Tribal Canoe Journey 2009; Skokomish tribal participants paddled their hand carved canoe from Vancouver Island to Suquamish Island, courtesy of TribalJourneys.com
The National Park Service (NPS) Organic Act (16 U.S.C. 1) of 1916, by which Congress created the National Park Service, mandates access to parks for the public enjoyment of cultural resources while ensuring their protection. Over the years the Federal government enhanced and supported this role through repeated affirmation that cultural resources are a matter of national interest.
Building on the 1906 Antiquities Act
and the Historic Sites Act of 1935
, this message was clearly spelled out in the National Historic Preservation Act of 1966
and its amendments, was reiterated in the Archaeological Resources Protection Act of 1979
, and was reinforced by the Native American Graves Protection and Repatriation Act of 1990
. Although each of these acts has its own focus and orientation, collectively they require a comprehensive and interdisciplinary approach to managing cultural resources.
Beyond the parks, NPS is part of a national preservation network of partners who are committed to the importance of the nation’s cultural heritage and its preservation.
The Cultural Resources, Partnerships and Science directorate focuses its strategies in the following areas:
- Preserve cultural resources in cooperation with Indian tribes, Alaska Native villages and corporations, Native Hawaiian organizations, states, territories, local governments, nonprofit organizations, property owners, individuals, and other partners
- Provide leadership in research and use of advanced technologies to improve the preservation of the nation’s cultural heritage
- Establish standards and guidance for managing cultural resources within the National Park System and communities nationwide
- Enhance public understanding and appreciation for the nation’s cultural heritage
Central elements of the work of the Cultural Resources, Partnerships and Science directorate can be described as follows:
- Document the buildings, landscapes and other resources of significance to our national cultural heritage
- Administer official recognition programs that affirm the significance of historic buildings, landscapes, and sites
- Provide training and technical assistance on the identification, preservation, management, and protection of cultural resources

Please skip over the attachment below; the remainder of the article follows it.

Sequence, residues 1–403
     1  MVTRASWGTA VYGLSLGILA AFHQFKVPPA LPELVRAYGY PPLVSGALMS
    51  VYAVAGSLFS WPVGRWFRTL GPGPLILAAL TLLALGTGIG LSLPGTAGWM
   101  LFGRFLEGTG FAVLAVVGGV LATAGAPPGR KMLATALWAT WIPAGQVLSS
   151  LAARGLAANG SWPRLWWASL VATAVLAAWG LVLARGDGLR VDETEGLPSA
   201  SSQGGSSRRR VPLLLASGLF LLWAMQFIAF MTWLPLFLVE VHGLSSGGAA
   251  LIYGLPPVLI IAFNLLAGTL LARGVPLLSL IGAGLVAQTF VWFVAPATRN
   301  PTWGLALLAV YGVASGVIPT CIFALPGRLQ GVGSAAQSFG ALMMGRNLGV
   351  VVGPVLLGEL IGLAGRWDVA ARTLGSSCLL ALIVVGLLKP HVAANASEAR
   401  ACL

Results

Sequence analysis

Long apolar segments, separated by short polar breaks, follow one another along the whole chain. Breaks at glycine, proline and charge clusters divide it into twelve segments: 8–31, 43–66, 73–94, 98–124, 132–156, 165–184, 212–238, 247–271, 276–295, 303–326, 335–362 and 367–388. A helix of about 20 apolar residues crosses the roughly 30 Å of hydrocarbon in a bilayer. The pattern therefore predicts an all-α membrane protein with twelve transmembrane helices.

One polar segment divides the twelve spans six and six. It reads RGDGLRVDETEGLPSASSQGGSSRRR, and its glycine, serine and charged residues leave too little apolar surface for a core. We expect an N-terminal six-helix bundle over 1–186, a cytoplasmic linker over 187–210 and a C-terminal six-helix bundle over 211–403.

- Provide financial assistance in the form of grants and tax credits to support cultural resource management projects and partnerships
- Develop educational programs for teachers and students of all ages to increase their understanding of the nation’s cultural heritage
- Educate the public on the value of protecting and preserving cultural resources
View the list of programs within the Cultural Resources, Partnerships and Science directorate
A Call to Action: Preparing for Second Century of Stewardship and Engagement
In preparation for NPS’s approaching 100th anniversary in 2016, NPS has issued A Call to Action: Preparing for a Second Century of Stewardship and Engagement
to help chart a path for our second hundred years. Working through the parks and our partners, the NPS Cultural Resources Programs seek to provide leadership to a national historic preservation program, engage all Americans with the places and stories that make up the national identity, and serve as a model for the stewardship of historic resources throughout the world. As part of “A Call to Action”, NPS will be working with partners in several areas, including the stewardship of cultural resources, technical guidance, science and scholarship, and the national preservation program.
As NPS looks to establish priorities and focus efforts on areas likely to have the most impact, NPS invites suggestions and comments on the specific major initiatives.
To read more about the how Cultural Resources Programs are responding to the Call to Action and to share your thoughts and perspectives go to Call to Action – NPS Cultural Resources Programs